At age 90, Fidel Castro passed away after decades of heroic struggle for social justice, not just for his native Cuba but for all people around the world. Even in his final decade of illness, the iconic revolutionary was still actively fighting; writing articles on international politics and upholding the cause for socialism.
The Laura Flanders Show on Oct 14, 2014
Author and historian Roxanne Dunbar Ortiz joins GRITtv to discuss how the history of genocide of Native peoples effects all people of the US, even today. In Chew On This, Laura talks to Tom Goldtooth about today’s solutions to the problem – what does indigenous sustainable society look like? And the F Word with Laura Flanders.
by Shelley Ettinger
November 22, 2016
Late in the election campaign, as Donald Trump hammered home his vile attacks on people of color, immigrants, Muslims, women; as he beefed up support among the worst racist elements including the Ku Klux Klan, white militias and Nazis, he also openly appealed to anti-Jewish forces.
It’s Time for the Clintons, Rubin to Go – and Soros, too.
In the week leading up to last Tuesday’s election the press was busy writing obituaries for the Republican Party. This continued even after Donald Trump’s “surprising” victory – which, like the 2008 bank-fraud crash, “nobody could have expected.” The pretense is that Trump saw what no other politician saw: that the economy has not recovered since 2008.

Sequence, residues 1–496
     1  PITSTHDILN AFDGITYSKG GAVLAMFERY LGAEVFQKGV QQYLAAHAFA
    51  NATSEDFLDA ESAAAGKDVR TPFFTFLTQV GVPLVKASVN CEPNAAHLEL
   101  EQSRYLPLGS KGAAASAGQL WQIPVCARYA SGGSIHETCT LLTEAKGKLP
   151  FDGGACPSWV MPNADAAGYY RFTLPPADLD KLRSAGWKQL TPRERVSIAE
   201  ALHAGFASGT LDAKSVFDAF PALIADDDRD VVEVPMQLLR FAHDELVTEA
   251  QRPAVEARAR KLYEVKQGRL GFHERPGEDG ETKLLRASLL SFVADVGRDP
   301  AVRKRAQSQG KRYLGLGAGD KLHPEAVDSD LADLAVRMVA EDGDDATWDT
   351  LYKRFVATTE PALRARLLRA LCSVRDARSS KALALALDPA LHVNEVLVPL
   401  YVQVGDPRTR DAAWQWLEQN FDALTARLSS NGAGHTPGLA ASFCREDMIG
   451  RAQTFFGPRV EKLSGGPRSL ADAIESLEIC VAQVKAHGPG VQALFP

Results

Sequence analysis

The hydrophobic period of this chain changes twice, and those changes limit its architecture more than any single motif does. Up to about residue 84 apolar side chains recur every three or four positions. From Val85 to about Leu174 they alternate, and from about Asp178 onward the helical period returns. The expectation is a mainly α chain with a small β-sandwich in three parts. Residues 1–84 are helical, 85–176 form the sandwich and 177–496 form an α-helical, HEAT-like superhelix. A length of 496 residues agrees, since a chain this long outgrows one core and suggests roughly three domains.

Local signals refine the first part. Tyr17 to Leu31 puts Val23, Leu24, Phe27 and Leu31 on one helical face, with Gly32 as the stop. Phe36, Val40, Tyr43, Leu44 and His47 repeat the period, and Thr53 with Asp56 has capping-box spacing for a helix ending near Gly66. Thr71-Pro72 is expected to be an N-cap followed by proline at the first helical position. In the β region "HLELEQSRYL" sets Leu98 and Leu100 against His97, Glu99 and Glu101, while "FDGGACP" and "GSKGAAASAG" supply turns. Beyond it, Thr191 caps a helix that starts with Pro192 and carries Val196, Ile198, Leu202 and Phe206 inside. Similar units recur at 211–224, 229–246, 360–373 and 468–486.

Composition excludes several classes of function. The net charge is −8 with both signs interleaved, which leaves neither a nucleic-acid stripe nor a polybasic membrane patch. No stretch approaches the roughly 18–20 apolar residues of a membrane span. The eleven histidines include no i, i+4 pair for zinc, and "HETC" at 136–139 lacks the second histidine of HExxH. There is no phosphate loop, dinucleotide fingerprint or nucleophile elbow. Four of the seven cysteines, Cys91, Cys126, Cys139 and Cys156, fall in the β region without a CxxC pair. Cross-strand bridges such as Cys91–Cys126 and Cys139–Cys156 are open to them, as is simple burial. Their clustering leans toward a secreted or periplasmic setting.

Committee Room 2a House of Lords
The Balfour narrative, biblically driven, was a prejudicial sweep of historical Palestine under an imperialist Zionist carpet underlying the 1922 League of Nations Mandate of the Balfour/Lloyd George deceit. The meta-physics of this ‘sociological’ religiosity seeks (indeed remains in) and re-turns to history, and, though remaining in history regurgitated as a present view: a new Zionist horizon of ‘conquest’ built on the suffering and continuing brutalisation of countless millions of Palestinians since 1948.
with Chris Hedges
RT America on Nov 7, 2016